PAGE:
Developmental Biology

Significant Accomplishments

Long-Time Director Retires

On March 31, 2013, Christopher Wylie, PhD, retired as Director of our Division. His role in expanding the Division from 11 faculty members in 2000, when he first joined Cincinnati Children’s, to 22 primary faculty and 22 secondary appointments is an outstanding accomplishment. Combined, this is now one of the largest groupings of developmental biologists in the world. Wylie understood the value of establishing a major center for model organism developmental biology at world-class children’s hospital, staffed with clinicians diagnosing and treating childhood diseases. Indeed, our Division has established close ties with as a many as 17 clinical divisions at the hospital. These interactions will provide better diagnoses, treatments and ultimately cures for childhood disorders. Thus in his 13 years here, Wylie has built a remarkable developmental biology research enterprise and positioned it well to play a major role in changing the outcome for children locally, nationally and internationally.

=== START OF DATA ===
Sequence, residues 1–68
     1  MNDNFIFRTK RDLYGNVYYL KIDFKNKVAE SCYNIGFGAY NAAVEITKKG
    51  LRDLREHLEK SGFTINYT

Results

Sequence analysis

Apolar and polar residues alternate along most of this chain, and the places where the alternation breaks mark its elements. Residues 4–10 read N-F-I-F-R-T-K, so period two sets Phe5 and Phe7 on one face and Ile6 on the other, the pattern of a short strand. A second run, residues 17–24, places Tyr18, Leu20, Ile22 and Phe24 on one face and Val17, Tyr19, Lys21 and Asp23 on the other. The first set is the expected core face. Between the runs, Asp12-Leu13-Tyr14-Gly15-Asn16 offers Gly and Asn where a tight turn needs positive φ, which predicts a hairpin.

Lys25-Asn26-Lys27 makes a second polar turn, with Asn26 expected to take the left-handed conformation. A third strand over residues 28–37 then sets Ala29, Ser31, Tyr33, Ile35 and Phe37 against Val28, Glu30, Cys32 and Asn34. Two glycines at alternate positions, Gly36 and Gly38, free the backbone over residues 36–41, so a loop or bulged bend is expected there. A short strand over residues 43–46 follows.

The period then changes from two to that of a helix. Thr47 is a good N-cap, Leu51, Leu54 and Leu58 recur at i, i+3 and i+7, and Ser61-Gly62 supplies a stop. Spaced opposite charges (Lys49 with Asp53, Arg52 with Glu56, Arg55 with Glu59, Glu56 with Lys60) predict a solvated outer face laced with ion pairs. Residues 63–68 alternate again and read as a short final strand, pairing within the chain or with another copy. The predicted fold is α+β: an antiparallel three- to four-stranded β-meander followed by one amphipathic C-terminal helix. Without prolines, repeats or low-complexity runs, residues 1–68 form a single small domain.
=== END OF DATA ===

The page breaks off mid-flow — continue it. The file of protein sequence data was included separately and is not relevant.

Kopan Named New Division Director

Following Dr. Wylie’s retirement, we were able to recruit a world-renowned developmental biologist, Raphael Kopan, PhD, to take over division leadership starting in August 2013. Kopan had been the Wolff Distinguished Professor of Developmental Biology at the Washington University School of Medicine in St. Louis. His research focuses on the role of Notch signaling in development and disease. His strong international reputation in developmental biology will help to maintain the visibility of our division both on a national and international level, which is essential for continued growth and success of the division. Moreover, Kopan’s collaborative instincts will dovetail nicely with the traditions at Cincinnati Children’s as he plans to move the division forward. By all the early accounts, the transition in leadership will be smooth and effective.

Developmental Biology Retreat Hosts 175 Participants

Our two-day retreat, held in Spring 2013, was the largest and most diverse to date. We had 175 participants, including clinicians, basic scientists and students, with 62 posters from 16 different divisions at Cincinnati Children’s. This is roughly on par with regional meetings of the Society of Developmental Biology and reflects the impressive size and depth of the developmental biology community here.